I think Everything2 has failed.

Let me explain: people can and have nuked their own w/u because the reputation is low, and by doing so they increase their node-fu. This is done to gain a level by boosting their merit (avg. rep.) for the honor roll. When they do this we all lose. (This once was a bigger problem until the honor roll was thrown out but I still think it is happening.)

I'm not talking those w/u's that the writer feels the stigma associated could be damaging to them in some way. Whatever reason it might be, I'm sure it would be best if was removed. But to have your motivations be lead by the opinions of those who voted negatively upon it is to never know it's true potential. Who knows five years later that w/u might a receive comment saluting you on your idea, or it might come in the shape of a ching; I guess the point I'm trying to get at is, give it more time. Giving the node a little love and attention doesn't hurt either.

I'm not sure if e2 has a mission statement, but I'm almost certain that nuking your own shit isn't the idea. I think the idea is to have everything here, because someone, somewhere out there is going to find that something in your w/u that they will want to go back and read it again. When it's not there it hurts. I hate to see it happen, especially if there is no reason other than reputation.

Please, stop the self-righteous nuking of your own w/u's. You know, atleast for the sake of novelty.

February 4, 2008 | April 14, 2008

On Failure

Visit any library book-sale and one will not only find long-outdated tomes on medicine or sports or politics or whatever, one can find books which were published more recently than perhaps 80% of the library's collection. The reason? The books don't circulate and every single day there are more books which, perhaps, will be more popular, more informative, more useful to the users of the library. I can give examples of books which have earned many prizes, but have never shown up on the New York Times' Best Seller List.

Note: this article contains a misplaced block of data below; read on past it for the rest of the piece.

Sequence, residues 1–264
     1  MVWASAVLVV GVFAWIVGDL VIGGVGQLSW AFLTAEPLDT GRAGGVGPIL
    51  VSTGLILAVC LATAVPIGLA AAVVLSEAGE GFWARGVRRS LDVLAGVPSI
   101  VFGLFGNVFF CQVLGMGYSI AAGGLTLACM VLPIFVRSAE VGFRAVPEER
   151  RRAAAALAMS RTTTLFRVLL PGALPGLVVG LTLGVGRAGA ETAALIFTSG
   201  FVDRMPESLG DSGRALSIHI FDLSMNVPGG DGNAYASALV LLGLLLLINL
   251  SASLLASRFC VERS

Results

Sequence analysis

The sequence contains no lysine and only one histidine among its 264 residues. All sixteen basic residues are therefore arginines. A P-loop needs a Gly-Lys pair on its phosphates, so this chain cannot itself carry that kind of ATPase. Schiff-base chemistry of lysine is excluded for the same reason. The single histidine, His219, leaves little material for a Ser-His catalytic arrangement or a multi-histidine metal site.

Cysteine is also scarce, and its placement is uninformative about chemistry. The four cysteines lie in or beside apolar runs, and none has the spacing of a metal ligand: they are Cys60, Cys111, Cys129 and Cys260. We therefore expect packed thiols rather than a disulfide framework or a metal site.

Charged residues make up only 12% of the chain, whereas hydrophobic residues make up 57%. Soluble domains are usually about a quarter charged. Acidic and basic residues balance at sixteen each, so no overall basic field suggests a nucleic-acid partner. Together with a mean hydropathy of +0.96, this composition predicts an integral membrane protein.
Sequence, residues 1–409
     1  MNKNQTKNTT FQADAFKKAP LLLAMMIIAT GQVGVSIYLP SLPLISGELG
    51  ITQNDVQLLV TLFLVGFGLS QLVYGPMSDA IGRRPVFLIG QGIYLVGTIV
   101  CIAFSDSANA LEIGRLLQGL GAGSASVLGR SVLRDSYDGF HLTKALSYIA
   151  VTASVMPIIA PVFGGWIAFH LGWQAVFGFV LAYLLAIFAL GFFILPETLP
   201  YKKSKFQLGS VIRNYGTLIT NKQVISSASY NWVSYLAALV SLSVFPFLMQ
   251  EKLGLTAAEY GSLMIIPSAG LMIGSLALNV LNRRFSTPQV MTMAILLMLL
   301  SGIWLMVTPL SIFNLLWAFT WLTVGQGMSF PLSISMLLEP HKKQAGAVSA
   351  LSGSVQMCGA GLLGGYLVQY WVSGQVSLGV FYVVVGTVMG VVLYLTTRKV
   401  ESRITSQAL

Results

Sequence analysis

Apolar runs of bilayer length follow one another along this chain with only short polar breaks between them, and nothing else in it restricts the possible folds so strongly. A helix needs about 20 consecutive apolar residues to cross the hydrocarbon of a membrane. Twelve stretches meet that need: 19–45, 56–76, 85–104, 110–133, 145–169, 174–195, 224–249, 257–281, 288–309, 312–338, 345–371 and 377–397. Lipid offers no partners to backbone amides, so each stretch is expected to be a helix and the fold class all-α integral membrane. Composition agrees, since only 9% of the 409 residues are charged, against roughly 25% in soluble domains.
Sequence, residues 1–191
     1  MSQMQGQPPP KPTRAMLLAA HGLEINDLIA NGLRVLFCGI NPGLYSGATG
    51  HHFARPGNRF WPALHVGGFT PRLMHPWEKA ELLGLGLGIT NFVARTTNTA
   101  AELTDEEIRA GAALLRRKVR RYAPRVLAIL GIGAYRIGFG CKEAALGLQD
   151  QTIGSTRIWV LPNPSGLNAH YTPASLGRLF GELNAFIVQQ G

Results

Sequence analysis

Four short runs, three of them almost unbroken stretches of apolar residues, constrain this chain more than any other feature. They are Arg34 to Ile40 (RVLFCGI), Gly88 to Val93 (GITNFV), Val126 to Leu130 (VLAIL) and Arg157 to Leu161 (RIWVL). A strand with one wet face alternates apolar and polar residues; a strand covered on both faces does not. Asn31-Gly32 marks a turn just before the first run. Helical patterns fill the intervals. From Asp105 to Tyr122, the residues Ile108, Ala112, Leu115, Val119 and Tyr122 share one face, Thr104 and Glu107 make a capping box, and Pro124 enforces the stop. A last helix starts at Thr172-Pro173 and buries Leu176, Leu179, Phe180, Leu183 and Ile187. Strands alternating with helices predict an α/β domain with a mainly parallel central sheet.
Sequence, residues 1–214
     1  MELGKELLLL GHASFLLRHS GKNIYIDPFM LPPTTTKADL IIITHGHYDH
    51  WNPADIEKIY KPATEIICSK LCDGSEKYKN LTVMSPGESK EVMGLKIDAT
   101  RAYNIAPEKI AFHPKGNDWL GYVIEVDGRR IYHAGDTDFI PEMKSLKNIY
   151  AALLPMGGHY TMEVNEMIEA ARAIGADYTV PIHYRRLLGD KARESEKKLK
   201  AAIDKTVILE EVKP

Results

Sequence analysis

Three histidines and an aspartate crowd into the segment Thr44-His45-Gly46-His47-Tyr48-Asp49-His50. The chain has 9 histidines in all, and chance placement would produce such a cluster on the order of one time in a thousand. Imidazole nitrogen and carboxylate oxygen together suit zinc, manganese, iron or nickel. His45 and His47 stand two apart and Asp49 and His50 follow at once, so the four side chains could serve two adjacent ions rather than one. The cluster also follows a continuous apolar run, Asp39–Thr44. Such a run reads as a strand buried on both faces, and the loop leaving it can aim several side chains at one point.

There's a pretty rough story I heard about marketing that applies to the current topic. A store-monger put up for sale on his shelves ten-pound bags of shit. They sat there for weeks. Nary a bag was sold. He then discounted them 50%. Still no sales. The discount went up to 80%. No sales. Which tells one that no matter how cheap a product is, if it's shit it ain't gonna sell.

Now let's get to the point. Consider E2 a library. It is, really; a library of articles, prose, poetry, biography and more. The overwhelming majority of the content is quite good (else guest users wouldn't spend hours signed in, jumping from hard-link to hard-link). However, sometimes the voting population of E2 contributors deem a piece less than viable — no, not a piece of shit — just for one reason or another not right to have hanging around for a long time.

Of course, when a noder asks that his or her writeup be deleted from the nodegel, the noder may or may not reap benefits in merit or mean XP or other numbers. The finest noders on this site don't care about the numbers at all; in fact, one long-time contributor recently had his XP set to zero; I'm not certain of the reason why but I'd hazard a guess that "noding for numbers" was not that writer's intention.

I have deleted some of my own writeups. I've come to the conclusion that if a writeup is a year old and hasn't been upvoted (or worse, voted on at all) very much, it's best to make room on the servers for something of better quality. I print the file out; stuff it in a folder in my desk, and delete the writeup.

There's a lot of marginal material on E2 from long-gone writers that I, for one, would just love to get rid of. However, that's a decision that the noders of the future will make. There's been much lamenting the deletion of material that many folks around here feel has a great deal of value to the nodegel. But that's the way it goes.

The voters of E2 are a lot more forgiving than the editor of a newspaper or magazine for which someone may write an article for which they are compensated. We have a great deal of freedom in that we needn't worry about the editor (and Lord knows, we don't need to worry about the compensation, either). We have a great deal of freedom in that votes come from literally hundreds of "editors." Who knows, perhaps the editor at The Ladies Home Journal who rejected your article on knitting kitty-cat finger puppets had a sour stomach that day. Perhaps he or she awoke on the wrong side of the bed.

The suggestion that a writer can't do exactly what he or she wants at any time they want with the product of their own creativity is contrary to everything that E2 stands for. And to any person who would suggest that a noder's right to change or delete a writeup be challenged, even by suggestion, I say "write some shit and get out of everyone else's shit."

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